Ayende @ Rahien

My name is Oren Eini
Founder of Hibernating Rhinos LTD and RavenDB.
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Relying on hash code implementation is BAD – part II

time to read 2 min | 325 words

To be truthful, I never thought that I would have a following for this post 4 years later, but I run into that today.

The following is a part of an integration test for NH Prof:

Assert.AreEqual(47, alerts[new StatementAlert(new NHProfDispatcher())
	Title = "SELECT N+1"

I am reviewing all our tests now, and I nearly choked on that one. I mean, who was stupid enough to write code like this?  I mean, yes, I can understand what it is doing, sort of, but only because I have a dawning sense of horror when looking at it.

I immediately decided that the miscreant that wrote that piece of code should be publically humiliated and  chewed on by a large dog.

SVN Blame is a wonderful thing, isn’t it?


Hm… there is a problem here.

Actually, there are a couple of problems here. One is that we have a pretty clear indication that we have a historic artifact here. Just look at the number of version that are shown in just this small blame window. This is good enough reason to start doing full fledged ancestory inspection. The test has started life as:

public class AggregatedAlerts:IntegrationTestBase
	public void Can_get_aggregated_alerts_from_model()

		var alerts = observer.Model.Sessions[1].AggregatedAlerts;
		Assert.AreEqual(47, alerts["SELECT N+1"]);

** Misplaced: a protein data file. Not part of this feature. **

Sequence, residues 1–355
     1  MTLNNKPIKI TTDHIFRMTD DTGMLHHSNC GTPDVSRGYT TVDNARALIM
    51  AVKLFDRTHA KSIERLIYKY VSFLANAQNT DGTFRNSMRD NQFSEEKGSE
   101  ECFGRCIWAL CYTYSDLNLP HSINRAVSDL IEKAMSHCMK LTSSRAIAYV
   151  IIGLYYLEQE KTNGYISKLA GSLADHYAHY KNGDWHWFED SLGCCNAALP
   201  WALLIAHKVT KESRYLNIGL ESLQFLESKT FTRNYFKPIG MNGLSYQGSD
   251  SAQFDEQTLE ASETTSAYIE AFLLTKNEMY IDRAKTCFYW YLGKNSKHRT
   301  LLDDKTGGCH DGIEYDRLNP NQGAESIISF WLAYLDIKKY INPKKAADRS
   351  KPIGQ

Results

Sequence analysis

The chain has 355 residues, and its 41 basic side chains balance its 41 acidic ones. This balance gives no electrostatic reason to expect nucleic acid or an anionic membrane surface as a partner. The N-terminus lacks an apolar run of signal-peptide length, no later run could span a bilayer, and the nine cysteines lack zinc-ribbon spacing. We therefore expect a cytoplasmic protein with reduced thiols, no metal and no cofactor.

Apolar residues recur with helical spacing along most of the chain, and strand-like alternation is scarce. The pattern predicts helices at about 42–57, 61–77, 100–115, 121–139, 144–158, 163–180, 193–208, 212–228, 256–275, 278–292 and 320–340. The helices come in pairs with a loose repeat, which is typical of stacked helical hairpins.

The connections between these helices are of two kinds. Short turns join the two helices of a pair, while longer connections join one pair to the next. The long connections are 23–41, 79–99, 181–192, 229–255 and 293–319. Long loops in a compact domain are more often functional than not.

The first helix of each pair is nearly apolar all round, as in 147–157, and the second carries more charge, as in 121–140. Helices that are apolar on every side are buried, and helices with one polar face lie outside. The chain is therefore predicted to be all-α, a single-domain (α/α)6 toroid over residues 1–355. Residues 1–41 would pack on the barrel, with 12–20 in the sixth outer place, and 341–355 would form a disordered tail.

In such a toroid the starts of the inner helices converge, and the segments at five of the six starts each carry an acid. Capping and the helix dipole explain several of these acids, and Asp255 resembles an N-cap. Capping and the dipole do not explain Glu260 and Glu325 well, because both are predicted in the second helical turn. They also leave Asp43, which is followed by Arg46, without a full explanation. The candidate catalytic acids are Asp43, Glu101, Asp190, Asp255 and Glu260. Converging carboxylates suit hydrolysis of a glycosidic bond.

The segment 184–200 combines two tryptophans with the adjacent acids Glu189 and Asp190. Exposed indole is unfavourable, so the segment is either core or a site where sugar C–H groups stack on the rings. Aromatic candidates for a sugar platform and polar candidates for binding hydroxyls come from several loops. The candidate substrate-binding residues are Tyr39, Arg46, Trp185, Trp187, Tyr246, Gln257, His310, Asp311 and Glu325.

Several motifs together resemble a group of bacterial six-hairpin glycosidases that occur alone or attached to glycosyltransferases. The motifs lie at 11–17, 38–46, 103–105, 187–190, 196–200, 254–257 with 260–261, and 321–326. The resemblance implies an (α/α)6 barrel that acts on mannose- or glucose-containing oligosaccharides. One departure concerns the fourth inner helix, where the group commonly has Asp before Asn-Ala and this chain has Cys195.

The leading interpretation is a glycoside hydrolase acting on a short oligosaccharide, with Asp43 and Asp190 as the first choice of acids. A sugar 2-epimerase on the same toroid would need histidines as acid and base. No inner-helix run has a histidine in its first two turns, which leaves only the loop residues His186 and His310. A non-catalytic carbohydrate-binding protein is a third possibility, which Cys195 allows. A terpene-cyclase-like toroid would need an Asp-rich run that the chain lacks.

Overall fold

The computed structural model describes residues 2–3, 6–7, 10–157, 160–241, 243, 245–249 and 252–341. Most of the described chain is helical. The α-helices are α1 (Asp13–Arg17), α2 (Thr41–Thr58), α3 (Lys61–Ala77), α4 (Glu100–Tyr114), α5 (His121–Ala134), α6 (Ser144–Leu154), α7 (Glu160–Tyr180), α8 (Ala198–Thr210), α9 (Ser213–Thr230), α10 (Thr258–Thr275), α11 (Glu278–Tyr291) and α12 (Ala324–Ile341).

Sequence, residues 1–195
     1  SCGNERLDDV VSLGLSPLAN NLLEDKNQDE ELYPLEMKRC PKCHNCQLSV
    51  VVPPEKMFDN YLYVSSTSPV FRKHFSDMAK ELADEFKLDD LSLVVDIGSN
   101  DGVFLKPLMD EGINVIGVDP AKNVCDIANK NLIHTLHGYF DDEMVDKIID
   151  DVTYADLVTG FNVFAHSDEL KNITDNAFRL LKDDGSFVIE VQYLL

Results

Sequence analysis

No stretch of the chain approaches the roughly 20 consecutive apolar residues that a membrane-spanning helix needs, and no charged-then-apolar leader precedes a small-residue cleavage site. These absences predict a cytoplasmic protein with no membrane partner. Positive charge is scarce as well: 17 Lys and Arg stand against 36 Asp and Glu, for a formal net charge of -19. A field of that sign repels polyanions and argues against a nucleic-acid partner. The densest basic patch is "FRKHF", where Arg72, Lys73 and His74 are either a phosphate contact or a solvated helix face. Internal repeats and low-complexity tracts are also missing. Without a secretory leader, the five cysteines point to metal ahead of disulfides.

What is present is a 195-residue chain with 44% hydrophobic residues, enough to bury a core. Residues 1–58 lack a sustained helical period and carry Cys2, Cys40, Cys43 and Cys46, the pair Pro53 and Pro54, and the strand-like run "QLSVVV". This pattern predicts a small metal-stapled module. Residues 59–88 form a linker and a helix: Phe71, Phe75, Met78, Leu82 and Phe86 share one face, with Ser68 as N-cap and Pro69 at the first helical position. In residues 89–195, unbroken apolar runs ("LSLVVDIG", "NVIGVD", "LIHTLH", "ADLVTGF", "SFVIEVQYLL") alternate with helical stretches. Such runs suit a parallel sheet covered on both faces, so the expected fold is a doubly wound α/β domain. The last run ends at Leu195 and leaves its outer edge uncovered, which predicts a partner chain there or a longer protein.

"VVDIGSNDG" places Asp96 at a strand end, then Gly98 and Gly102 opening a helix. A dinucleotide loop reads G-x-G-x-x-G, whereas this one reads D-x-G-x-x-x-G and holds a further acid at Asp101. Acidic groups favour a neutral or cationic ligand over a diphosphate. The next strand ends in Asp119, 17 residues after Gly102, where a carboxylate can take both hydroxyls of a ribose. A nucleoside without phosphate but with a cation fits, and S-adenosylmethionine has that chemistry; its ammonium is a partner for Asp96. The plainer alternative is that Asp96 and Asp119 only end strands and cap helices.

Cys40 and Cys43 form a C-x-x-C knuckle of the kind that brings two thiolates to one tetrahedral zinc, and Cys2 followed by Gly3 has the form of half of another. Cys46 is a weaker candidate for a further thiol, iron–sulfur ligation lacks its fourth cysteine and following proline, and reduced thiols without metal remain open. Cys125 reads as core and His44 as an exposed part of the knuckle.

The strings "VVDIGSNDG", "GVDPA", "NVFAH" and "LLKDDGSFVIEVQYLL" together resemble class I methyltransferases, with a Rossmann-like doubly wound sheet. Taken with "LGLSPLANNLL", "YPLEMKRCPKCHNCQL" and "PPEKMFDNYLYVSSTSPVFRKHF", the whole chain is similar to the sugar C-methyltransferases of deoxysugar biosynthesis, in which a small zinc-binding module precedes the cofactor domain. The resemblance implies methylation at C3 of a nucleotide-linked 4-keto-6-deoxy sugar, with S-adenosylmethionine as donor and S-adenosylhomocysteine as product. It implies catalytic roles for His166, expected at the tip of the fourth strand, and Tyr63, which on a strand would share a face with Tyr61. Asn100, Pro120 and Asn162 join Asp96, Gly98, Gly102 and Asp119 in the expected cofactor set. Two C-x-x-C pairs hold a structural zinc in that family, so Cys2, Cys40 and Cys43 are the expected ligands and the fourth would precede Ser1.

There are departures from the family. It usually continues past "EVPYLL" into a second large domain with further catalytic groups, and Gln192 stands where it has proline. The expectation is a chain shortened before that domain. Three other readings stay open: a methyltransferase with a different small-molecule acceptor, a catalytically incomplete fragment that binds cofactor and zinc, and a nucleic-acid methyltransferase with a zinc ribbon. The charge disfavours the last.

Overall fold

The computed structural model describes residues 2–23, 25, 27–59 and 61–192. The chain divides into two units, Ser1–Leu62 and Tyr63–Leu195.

Assert.AreEqual(21, alerts["Too many database calls per session"]);

Which I think is reasonable enough. Unfortunately, it looks like somewhere along the way, someone had taken the big hammer approach to this. The code now looks like this:

Assert.AreEqual(47, alerts.First(x => x.Key.Title == "SELECT N+1"));

Now this is readable.

Oh, for the nitpickers, using hash code evaluation as the basis of any sort of logic is wrong. That is the point of this post. It is a non obvious side affect that will byte* you in the ass.

* intentional misspelling



btw, this is not relying on a particular hash code but on the fact that gethc and equals are properly implemented, so that:

a.eq(b) => a.gethc() == b.gethc()

a.gethc() != b.gethc() => !a.eq(b)

and that eq and gethc are taking into account all relevant fields. however an "action" kind of object (without knowing exactly what your statementaction does) is probably not the right kind of hash code provider. gethc should only be implemented for value object imo. i also think it is a mistake in the framework design that every object has equals and gehashcode methods. that is clearly something that not every object can and should support.

Ayende Rahien


Not really.

If you don't have that, you can't write hash table or dictionary.

Bill Pierce

It is not obvious from your posts, excluding the readability of the code, what the non obvious side affects are of using GetHashCode in this way. Can you enlighten me?

Ayende Rahien


My main concerns arereadability and sensability


Agreed, it doesn't read well that alerts["SELECT N+1"] means get the alert with the title "SELECT N+1" especially with the one below it "alerts["Too many database calls per session"]" which looks like your using the [] to set a message not select a title.

Though in my eyes, it's more of a case of bad titling. :P But then using more code like titles to reference a full alert would probably read just as cryptic.


String.GetHashCode() returns different values when running in a 32-bit or 64-bit image.

Now, if you serialized the value somewhere in a file format...

Yes, it happened. No comments please ;)

Ayende Rahien


That is actually something that you should be worried about in a mixed 32 & 64 bits env.

Most distributed caches does the naive thing and use GetHashCode to get the hashcode for the key lookup.

Granted, there aren't that many mixed bits mode, but it is important to know

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